On my desk, next to a P.G. ­Wodehouse coffee mug filled with pencils, I keep a lapel button that reads: “Life? Of course I have a life. It’s a life filled with books.” As it happens, you won’t find a better precis than that of Robert Gottlieb’s splen­did memoir “Avid Reader.”

During a ­six-decade career as an editor and publisher, Gottlieb shepherded into print a few titles you just might have heard of, including Joseph Heller’s “Catch-22,” Toni Morrison’s “Beloved,” John le Carré’s “Tinker, Tailor, Soldier, Spy,” Robert A. Caro’s multivolume life of Johnson (Lyndon, that is), and the auto­biographies of Lauren Bacall, Bill Clinton and, not least, Katharine Graham.

"Avid Reader: A Life" by Robert Gottlieb (FSG)

Born in New York City in 1931, the only child of a lawyer and schoolteacher, Gottlieb explains that “from the start, words were more real to me than real life, and certainly more interesting.” As a boy, he reread favorite volumes in Arthur Ransome’s “Swallows and Amazons” series as many as 50 times each. As a teenager and college student, he was what collectors call a completist. “What was the point of reading only some of a writer’s work? In the summers I would sweep straight through a writer chronologically, one year, Conrad; the next, Cather.” He devoured the seven volumes of Proust’s “In Search of Lost Time” in seven days. A twerpy-looking bookworm, he disliked the outdoors, loved dance and theater and was afraid to fly. In the words of his first wife’s roofing-contractor father, “If I had a son like that, I’d take him out and drown him like a sick kitten.”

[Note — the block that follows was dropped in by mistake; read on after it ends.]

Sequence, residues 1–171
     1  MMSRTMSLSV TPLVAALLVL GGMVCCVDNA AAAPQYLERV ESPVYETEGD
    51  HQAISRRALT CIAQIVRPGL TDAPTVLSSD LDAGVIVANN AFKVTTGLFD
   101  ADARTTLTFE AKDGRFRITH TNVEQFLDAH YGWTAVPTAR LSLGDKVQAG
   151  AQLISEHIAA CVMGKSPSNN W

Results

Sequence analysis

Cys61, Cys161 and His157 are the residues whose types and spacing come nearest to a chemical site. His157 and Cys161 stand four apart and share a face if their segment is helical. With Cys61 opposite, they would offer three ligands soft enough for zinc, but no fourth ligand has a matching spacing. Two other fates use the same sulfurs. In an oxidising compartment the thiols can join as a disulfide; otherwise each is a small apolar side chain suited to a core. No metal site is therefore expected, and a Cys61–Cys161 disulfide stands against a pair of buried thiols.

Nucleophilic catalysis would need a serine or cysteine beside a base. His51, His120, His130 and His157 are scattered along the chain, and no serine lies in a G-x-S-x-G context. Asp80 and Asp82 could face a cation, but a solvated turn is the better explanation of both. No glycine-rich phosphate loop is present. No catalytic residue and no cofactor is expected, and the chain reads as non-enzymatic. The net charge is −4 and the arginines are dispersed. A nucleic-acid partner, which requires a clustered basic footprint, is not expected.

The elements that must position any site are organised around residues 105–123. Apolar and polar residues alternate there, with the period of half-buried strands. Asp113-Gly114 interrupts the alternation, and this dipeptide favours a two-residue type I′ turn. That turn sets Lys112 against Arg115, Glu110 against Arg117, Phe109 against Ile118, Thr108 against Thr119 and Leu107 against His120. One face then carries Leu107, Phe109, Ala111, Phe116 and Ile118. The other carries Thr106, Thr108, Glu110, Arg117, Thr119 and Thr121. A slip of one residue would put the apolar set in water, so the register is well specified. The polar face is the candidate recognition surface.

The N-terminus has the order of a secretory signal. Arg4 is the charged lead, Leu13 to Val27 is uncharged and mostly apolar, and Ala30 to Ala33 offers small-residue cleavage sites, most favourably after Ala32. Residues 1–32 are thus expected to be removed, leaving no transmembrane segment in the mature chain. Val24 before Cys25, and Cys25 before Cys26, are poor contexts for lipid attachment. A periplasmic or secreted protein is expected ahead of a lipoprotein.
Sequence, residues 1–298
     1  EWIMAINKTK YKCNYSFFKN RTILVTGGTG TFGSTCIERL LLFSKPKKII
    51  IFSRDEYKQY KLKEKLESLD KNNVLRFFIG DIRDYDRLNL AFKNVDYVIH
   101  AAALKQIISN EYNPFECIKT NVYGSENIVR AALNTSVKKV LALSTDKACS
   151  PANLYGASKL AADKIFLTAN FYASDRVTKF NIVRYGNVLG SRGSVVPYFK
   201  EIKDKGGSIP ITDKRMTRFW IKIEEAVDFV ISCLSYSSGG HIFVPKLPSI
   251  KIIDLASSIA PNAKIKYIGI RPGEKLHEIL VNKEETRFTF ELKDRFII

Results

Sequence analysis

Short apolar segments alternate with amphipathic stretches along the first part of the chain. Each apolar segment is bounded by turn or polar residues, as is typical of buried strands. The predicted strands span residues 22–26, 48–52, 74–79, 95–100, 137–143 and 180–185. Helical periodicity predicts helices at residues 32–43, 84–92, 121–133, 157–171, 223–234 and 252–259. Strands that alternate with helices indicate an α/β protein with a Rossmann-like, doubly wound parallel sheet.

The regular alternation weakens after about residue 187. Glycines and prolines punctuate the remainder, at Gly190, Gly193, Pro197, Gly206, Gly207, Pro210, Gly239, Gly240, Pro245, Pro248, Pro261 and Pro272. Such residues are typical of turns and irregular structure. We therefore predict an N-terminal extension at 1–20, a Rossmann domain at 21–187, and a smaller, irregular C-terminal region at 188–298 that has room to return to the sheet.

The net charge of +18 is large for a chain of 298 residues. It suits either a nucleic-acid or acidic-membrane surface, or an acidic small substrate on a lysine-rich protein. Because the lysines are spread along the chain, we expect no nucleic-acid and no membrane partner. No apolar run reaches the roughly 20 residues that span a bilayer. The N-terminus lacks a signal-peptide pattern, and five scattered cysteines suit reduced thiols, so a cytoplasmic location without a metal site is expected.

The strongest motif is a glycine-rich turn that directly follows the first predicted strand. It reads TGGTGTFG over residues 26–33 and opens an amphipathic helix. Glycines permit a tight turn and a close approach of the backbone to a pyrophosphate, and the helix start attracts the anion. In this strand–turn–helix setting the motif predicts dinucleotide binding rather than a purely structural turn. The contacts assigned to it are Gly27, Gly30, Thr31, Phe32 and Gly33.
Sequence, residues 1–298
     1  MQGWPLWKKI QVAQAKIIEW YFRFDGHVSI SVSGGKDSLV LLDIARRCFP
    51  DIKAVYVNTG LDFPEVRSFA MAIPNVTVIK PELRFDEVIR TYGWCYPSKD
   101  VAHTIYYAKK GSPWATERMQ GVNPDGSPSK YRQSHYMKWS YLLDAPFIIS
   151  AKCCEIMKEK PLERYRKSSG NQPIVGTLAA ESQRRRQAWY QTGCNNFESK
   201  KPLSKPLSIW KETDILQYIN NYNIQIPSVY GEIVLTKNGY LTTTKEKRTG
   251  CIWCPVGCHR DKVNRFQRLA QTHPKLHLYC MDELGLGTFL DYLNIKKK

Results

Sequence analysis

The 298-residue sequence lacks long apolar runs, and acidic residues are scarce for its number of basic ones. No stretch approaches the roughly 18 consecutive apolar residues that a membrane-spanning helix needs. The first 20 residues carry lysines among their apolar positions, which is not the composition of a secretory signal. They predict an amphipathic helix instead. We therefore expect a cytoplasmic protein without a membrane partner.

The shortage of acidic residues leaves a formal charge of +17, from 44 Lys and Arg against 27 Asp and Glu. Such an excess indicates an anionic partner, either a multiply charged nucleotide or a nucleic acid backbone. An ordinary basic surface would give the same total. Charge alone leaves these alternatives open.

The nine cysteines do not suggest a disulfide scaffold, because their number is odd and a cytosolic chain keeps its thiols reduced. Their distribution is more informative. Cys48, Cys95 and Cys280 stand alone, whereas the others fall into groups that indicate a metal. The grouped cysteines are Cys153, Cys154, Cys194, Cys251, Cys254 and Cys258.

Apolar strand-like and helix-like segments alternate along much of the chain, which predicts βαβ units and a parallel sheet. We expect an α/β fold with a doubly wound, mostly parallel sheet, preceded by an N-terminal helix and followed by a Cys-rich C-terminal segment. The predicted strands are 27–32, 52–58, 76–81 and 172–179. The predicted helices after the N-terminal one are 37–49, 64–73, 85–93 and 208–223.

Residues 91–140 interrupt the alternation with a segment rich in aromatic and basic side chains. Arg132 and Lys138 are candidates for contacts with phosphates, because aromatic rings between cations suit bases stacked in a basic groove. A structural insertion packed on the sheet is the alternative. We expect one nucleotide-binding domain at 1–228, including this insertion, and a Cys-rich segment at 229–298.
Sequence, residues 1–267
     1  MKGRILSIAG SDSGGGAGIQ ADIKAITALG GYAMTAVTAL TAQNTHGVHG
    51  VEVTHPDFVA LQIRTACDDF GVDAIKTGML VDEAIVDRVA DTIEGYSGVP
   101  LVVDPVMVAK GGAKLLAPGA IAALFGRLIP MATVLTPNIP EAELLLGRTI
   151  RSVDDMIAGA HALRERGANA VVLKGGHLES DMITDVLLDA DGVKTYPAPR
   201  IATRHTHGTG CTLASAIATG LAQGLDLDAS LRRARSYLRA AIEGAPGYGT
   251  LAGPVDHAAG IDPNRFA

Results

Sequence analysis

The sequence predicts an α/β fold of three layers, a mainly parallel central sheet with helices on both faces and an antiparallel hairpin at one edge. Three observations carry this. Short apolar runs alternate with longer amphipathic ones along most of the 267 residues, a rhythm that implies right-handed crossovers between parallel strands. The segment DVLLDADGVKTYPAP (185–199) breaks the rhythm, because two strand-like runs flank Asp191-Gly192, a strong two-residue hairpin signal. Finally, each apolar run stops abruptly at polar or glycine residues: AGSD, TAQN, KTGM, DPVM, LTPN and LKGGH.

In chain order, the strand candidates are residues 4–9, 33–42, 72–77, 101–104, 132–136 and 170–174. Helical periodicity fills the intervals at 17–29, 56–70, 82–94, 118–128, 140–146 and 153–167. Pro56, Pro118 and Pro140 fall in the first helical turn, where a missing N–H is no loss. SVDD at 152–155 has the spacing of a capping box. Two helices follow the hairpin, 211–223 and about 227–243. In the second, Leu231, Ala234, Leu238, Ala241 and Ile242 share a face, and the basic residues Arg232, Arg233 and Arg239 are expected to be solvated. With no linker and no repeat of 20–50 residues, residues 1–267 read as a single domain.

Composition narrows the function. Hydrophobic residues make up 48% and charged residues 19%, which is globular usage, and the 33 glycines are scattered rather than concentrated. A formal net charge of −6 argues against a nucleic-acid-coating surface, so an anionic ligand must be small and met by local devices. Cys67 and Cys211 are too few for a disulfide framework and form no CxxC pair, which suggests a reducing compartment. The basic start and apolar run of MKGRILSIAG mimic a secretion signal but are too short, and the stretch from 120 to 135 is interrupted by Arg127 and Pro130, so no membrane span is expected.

Gottlieb attended Columbia University during the heyday of Lionel Trilling and Mark Van Doren and then spent a couple of years at Cambridge University in England. When he returned home, he went looking for a job — by now he was a married man with a small child, though he still looked about 16 (and was carded at liquor stores well into his 30s). Through a series of flukes, he was eventually hired as an assistant to Jack Goodman, the head of Simon and Schuster. When Goodman died at age 47, the company fell into disarray, and Gottlieb — through hard work and a gift for friendship — gradually emerged as the firm’s new powerhouse editor.